Embassy of France, Ottawa
|Embassy of France in Ottawa|
|Location||New Edinburgh, Ottawa|
|Address||42 Sussex Drive|
The French diplomatic mission in Canada was founded in 1928 and was originally based in the Victoria Building with the first representative being Jean Knight. Knight began looking for a suitable location to house the mission and settled on the area bordering the Ottawa River near Rockcliffe Park. Unfortunately there were no buildings in the area for sale. In 1930, Knight proposed the purchase of the Blackburn property, located at 62 Sussex Drive. The property was a prized piece of land overlooking the Rideau Falls that was not far from the residence of the Governor General and, at the time, connected to the city centre by a tram. After lengthy negotiations with the owner, the property was purchased from Arthur Blackburn on 31 December 1931. The legation was then based in the Blackburn mansion.
Construction on the new mission building began on the property in 1936 with the first stone being laid by Prime Minister William Lyon Mackenzie King on Bastille Day. In January 1938, while construction was in process, France purchased the next door Lemay property, sensibly enlarging the property. At the same time, France acquired, for one symbolic dollar, a narrow strip of land along the Ottawa River, belonging to the Ontario provincial government. The Ottawa River thus became the limits of the property. Both the Blackburn and Lemay houses were demolished during construction. On 4 January 1939, the mission was opened in the presence of seven hundred people, including the Governor General of Canada Lord Tweedsmuir and Prime Minister Mackenzie King.
The French envoy René Ristelhueber, appointed in early 1940, acknowledged the Vichy regime as did the Canadian government. In 1942, Canada switched and expelled the Vichy diplomats and the facilities were turned over to the Free French Forces and Colonel Philippe Pierrené was recognized as the French envoy. The French upgraded the mission to a full embassy following World War II.
Inaugurated in 1939, this diplomatic mission was designed by French architect Eugène Beaudouin in the Art Deco style. Housing both the residence of the ambassador and embassy services, the building of grey granite is three stories and is organized around the Great Hall.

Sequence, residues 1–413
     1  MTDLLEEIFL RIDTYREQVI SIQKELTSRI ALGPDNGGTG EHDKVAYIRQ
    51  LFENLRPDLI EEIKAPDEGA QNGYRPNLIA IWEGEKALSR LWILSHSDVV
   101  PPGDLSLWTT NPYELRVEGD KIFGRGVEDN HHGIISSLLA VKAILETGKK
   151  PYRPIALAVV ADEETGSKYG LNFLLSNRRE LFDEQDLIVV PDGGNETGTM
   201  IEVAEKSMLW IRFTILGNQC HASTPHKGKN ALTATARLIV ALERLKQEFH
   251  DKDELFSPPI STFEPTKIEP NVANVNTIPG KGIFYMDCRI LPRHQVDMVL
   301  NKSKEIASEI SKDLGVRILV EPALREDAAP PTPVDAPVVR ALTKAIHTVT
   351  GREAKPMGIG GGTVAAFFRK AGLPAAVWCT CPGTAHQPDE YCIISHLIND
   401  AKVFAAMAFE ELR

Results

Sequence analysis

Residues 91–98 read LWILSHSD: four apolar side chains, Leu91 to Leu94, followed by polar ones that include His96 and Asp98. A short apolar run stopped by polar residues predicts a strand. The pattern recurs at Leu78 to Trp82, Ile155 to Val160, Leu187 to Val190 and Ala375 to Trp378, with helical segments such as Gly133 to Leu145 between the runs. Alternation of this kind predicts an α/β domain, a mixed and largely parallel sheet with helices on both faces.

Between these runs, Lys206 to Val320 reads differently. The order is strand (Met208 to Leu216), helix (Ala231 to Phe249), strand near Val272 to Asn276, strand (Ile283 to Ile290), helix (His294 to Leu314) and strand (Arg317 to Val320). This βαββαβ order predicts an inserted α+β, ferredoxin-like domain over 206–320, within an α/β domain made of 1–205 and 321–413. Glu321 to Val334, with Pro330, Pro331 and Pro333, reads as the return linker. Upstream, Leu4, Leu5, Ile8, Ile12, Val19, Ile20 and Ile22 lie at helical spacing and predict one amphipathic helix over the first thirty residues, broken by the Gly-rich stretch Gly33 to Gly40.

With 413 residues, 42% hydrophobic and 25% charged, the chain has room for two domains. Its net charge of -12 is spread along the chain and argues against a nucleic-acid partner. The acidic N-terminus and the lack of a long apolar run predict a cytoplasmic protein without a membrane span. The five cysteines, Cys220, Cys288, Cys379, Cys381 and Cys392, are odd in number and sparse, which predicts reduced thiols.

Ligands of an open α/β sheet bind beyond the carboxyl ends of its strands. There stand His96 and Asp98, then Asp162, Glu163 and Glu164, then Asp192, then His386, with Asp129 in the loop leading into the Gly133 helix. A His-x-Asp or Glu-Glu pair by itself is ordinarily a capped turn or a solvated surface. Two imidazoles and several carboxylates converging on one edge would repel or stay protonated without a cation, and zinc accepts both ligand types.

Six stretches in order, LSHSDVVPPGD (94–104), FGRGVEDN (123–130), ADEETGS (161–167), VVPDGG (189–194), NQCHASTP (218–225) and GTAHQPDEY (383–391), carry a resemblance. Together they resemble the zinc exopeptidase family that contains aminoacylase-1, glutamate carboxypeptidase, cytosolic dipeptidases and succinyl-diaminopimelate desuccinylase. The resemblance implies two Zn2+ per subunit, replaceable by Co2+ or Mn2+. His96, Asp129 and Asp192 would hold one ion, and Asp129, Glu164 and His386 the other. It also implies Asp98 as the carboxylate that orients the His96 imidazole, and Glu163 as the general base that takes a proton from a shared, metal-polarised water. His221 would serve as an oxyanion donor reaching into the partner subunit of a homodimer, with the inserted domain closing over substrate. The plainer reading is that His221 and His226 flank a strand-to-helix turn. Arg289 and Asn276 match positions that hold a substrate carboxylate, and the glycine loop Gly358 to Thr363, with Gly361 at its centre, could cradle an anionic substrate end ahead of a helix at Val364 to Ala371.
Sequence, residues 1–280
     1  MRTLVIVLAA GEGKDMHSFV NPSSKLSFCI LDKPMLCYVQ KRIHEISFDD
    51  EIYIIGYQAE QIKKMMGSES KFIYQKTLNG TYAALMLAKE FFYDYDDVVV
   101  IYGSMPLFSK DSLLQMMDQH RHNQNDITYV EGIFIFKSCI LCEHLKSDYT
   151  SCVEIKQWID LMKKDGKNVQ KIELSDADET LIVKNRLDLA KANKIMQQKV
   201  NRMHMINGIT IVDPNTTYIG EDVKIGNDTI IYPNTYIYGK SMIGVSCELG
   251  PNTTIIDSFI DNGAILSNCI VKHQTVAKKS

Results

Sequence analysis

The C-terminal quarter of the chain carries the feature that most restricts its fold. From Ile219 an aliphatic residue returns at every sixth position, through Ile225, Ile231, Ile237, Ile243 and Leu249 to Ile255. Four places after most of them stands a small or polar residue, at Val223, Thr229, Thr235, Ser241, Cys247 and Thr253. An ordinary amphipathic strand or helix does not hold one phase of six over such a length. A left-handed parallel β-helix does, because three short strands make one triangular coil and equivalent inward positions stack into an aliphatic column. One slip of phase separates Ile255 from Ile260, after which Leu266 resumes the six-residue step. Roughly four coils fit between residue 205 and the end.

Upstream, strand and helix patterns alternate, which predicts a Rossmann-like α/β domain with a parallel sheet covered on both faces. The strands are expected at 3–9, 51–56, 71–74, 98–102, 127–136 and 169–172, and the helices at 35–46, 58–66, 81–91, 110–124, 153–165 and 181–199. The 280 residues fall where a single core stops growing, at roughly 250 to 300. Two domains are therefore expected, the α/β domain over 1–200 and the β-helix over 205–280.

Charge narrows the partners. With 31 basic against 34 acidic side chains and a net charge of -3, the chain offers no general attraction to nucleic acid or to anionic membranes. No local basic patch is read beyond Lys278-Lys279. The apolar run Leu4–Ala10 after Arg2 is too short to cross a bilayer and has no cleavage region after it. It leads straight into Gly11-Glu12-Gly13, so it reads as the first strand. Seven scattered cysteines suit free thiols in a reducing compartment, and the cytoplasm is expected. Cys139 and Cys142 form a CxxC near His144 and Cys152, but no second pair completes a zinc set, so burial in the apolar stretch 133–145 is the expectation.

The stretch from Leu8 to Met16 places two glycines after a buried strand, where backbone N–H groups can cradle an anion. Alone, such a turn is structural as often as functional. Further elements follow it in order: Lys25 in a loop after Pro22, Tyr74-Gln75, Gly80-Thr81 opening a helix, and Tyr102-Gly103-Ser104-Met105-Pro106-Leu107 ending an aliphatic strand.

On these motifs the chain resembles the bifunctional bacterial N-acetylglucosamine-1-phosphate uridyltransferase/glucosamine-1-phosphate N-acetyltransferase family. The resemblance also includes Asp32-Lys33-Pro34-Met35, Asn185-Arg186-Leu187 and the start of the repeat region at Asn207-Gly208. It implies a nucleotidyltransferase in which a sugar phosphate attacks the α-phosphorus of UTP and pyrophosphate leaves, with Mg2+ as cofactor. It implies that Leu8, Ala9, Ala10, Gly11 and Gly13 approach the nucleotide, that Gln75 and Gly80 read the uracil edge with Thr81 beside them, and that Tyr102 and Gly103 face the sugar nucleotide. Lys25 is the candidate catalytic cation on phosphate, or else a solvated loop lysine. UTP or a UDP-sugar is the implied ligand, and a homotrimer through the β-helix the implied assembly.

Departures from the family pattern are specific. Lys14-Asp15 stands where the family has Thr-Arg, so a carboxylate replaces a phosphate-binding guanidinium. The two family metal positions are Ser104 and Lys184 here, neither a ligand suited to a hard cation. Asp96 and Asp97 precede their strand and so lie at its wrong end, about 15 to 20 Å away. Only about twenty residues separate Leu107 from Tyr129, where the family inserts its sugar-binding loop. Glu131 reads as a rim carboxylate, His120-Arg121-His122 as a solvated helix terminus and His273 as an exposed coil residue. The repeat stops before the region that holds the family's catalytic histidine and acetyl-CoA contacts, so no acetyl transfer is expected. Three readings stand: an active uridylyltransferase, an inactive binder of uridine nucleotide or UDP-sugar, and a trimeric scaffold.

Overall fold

The main room features furniture and decorations also in an Art Deco style, including Marcel Gromaire tapestries representing the four seasons: the Canadian winter, the Parisian spring, summer in Saint-Malo and fall in Quebec. A massive pink marble staircase provides access to the second story and leads to the gallery overlooking the Great Hall and reception rooms.
The rooms display decorations that highlight the ties of friendship which exists between the France and Canada, like the bas-relief of the gallery that represents the Canadian National Vimy Memorial in honour of Canadian soldiers during the First World War and the office walls ambassadors engraved by Charles-Émile Pinson on the subject of the discovery of Canada by the Vikings. The materials that were used to build the embassy come from both Canada (wooden doors and door frames, and the grey granite from Quebec for exterior walls) and France (Saint-Quentin travertine for walls of the hall, and the pink marble from Burgundy for the staircase).
The dining room is decorated with a 120 square metre mural named La France, by painter Alfred Courmes. The decoration of the bronze doors of the living room was done by Robert Cami. The embassy is also decorated with sculptures by Leygue Louis and Jean Prouvé.
French Ambassador to Canada
|Envoy Extraordinary and Minister Plenipotentiary|
|1937||1940||Robert de Dampierre|
|Delegate of Free French Forces|
|1942||1943||Colonel Philippe Pierrenne|
|Ambassador of France to Canada|
|1945||1948||Jean de Hauteclocque|
|1977||1979||Xavier Daufresne de la Chevalerie|
|1989||1991||François Bujon de l'Estang|
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